20160103_issue_hkfilmmart

Asia’s highly esteemed international film and TV market will once again take centre stage as the best place to shop for some of the biggest titles off the shelf with special emphasis for the very best of Chinese content. With this historical appraisal, the Hong Kong film market has since been attracting hordes of buyers and sellers to the market.

Last year, there were 780 exhibitors from over 30 countries. Among the 7,100 visitors, Indonesia, Taiwan and Japan saw double-digit growth at the market. India’s JDR Films had purchased Arclight Film’s Jungle Nest. Hollywood-based Arclight also reportedly sold TEANA 10,000 Years Later to Hong Kong and Indonesian companies. Another U.S. company, Shoreline Entertainment, clinched its first deal in Asia when it sold The Incident, an acclaimed science fiction thriller, to Japan’s Zazie. China’s Hangzhou clenched several deals at the market selling television programmes valued at a total of over US$5.5 million.

The forums are crowd pullers at the market and this year will see discussion and keynote address from industry experts on topics: In Conversation with producers from around the world, Business opportunities for the global TV industry, How to present ideas in the digital era, How a medium size animation studio can be successful in the global market and Integration and innovation of Asia’s film industry.

The Chinese local content production market is very strong with several reputed firms competing in the market. Lost in Hong Kong overtook its predecessor, Lost in Thailand and became an instant hit in the mainland with an immediate revenue of RMB 1.5 billion. Lost in Thailand had secured revenue of RMB 1.268 billion. In the last 10 years, the mainland film market only witnessed weak performance from Hong Kong funded shows in Shanghai. Since last year, two Hong Kong financed cinemas – Palace IAPM Shanghai and Palace Shanghai topped the charts.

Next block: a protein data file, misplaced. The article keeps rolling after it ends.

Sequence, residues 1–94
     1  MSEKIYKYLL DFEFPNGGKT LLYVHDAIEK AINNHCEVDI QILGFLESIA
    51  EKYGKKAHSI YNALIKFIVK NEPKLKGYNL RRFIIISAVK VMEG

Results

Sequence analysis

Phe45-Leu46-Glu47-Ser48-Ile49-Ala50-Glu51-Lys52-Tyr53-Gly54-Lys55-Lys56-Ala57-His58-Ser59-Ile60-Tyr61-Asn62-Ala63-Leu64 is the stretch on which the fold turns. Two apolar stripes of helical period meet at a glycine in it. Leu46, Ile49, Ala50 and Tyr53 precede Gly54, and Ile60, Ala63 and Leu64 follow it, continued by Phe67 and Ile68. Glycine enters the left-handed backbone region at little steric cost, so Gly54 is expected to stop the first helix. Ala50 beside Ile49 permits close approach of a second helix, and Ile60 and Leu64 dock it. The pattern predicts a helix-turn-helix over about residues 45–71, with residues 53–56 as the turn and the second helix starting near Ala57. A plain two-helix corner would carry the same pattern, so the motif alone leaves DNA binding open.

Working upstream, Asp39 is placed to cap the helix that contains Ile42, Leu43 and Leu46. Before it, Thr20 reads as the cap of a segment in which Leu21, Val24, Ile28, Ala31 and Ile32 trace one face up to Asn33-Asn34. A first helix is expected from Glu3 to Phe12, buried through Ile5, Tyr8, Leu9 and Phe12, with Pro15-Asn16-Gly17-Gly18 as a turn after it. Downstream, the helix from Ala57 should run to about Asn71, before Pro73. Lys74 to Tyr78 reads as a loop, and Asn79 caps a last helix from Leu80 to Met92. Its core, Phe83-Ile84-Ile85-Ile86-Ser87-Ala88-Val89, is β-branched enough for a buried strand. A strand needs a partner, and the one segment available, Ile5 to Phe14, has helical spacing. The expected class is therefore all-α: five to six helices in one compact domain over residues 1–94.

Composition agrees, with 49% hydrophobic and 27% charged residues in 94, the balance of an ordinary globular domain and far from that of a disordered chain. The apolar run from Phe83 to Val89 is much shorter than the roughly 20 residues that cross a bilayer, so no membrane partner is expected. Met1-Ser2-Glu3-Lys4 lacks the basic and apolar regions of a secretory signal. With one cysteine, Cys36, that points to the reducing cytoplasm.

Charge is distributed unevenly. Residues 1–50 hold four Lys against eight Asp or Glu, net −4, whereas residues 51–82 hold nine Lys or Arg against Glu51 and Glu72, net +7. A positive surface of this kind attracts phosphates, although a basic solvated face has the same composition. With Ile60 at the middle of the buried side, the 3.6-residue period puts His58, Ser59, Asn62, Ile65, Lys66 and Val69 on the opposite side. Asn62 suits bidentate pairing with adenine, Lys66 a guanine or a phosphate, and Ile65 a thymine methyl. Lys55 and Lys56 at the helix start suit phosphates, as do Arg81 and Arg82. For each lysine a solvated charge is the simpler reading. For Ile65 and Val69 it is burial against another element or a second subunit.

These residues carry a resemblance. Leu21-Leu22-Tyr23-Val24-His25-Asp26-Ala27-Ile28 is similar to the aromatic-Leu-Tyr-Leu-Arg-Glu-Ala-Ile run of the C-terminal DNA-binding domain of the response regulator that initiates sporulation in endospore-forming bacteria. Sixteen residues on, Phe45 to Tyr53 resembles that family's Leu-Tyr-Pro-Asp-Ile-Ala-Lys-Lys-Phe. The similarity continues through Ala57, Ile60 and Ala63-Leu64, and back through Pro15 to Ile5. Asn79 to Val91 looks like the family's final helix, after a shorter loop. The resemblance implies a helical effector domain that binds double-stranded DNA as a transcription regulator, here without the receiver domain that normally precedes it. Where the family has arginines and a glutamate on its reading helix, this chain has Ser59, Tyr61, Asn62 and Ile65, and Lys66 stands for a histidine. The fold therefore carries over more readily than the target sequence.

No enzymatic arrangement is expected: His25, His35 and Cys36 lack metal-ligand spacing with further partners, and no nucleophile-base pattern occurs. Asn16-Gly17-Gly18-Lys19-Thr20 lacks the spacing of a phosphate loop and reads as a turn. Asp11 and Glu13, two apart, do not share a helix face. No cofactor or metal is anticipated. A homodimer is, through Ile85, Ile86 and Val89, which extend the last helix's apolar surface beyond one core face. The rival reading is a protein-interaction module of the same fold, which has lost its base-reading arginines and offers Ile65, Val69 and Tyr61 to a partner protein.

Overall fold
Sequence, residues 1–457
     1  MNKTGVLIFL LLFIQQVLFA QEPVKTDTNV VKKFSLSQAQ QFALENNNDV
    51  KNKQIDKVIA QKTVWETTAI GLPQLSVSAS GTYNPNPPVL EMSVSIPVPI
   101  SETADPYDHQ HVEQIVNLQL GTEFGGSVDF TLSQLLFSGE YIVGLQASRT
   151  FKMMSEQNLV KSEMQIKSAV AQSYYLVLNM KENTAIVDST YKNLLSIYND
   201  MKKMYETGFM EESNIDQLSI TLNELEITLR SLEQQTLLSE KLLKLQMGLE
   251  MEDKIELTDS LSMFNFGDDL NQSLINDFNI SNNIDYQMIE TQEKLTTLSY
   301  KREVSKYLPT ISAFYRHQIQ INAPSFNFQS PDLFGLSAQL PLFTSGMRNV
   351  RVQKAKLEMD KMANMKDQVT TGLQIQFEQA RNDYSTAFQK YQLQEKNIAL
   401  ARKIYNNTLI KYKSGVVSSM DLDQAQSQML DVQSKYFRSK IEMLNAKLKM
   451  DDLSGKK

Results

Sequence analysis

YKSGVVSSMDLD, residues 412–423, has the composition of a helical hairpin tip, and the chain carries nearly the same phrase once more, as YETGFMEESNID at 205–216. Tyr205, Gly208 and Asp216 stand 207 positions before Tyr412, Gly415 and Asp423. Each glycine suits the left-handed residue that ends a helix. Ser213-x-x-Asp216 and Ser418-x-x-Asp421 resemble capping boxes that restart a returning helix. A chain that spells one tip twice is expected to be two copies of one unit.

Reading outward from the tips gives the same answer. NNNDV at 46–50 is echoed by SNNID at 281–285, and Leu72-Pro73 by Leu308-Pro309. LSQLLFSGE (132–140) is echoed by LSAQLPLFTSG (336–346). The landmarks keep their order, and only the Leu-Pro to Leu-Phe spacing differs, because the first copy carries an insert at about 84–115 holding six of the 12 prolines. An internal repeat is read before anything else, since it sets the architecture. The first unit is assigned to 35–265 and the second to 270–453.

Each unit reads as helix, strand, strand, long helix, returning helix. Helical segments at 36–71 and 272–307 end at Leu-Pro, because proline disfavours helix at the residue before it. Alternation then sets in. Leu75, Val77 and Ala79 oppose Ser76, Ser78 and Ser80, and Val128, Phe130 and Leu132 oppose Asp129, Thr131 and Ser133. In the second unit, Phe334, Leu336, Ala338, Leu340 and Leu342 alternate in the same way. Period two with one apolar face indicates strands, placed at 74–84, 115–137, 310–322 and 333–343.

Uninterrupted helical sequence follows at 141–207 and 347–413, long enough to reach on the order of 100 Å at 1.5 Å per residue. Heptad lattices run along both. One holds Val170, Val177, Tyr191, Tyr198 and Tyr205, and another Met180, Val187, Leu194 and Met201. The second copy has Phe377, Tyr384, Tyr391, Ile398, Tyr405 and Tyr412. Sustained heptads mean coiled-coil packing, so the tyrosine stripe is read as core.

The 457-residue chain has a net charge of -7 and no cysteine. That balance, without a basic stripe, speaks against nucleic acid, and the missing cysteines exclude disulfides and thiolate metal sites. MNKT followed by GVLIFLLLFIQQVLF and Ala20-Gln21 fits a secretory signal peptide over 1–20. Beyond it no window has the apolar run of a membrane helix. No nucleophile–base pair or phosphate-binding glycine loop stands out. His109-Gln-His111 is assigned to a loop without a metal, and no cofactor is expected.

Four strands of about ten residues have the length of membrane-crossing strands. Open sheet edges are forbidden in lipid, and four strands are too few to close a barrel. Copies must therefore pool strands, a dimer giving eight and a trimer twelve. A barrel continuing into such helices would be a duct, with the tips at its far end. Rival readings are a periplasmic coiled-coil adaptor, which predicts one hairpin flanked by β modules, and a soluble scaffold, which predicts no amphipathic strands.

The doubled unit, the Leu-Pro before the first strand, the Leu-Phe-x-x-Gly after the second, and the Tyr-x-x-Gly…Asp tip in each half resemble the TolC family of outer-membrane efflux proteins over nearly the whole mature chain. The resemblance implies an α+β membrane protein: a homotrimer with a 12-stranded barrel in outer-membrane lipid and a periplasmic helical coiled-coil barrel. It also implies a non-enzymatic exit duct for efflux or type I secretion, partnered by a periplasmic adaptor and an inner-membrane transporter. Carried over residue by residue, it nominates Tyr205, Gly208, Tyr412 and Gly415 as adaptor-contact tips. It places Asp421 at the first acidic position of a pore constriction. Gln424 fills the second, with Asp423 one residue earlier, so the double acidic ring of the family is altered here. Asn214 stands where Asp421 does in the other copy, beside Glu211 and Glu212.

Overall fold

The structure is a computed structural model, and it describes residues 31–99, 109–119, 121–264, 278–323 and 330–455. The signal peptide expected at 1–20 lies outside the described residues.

The 14th edition of the Hong Kong – Asia Film Financing Forum (HAF) is set to be held during the market. Organisers received a record number of 350 project submissions this year. Prominent filmmakers are shepherding projects by firsttime directors at HAF. Chang is a producer on Lieutenant Yi, the helming debut of Taiwanese singersongwriter Rene Liu; Niu will be producing From Black and White to Shades of Grey by first directing effort from Huang Zi; and Chinese helmet Hao will be producing Dying to Survive, the first feature from Muye Wen.

Singapore producer Chan Pui Yin who produced the hit I Not Stupid and its sequel will produce Warrior of Love by director Derrick Lui; Kill Bill and 2046 crew member Xu Wen, will make her directorial debut with Golden Whale; Filipino helmer Lav Diaz, whose A Lullaby for the Mystery has been selected for the official competition at the Berlin International Film Festival, will present The Waves Are Gone at HAF; and Hong Kong director Adam Wong returns to HAF with the new project Trains in the Night.

In addition, five documentary projects have been chosen from China, Georgia, Japan, Kazakhstan and South Korea. Apart from the 28 projects selected by the HAF, three finalists are up for the HAF/Fox Chinese Film Development Award for a $12,900 cash prize and a development contract with Fox. They include Jong Yu’s drama Brothers, Cheung Suk-Yee’s Coarse Tea, Plain Rice and Li Yang’s Man-Made Citizen.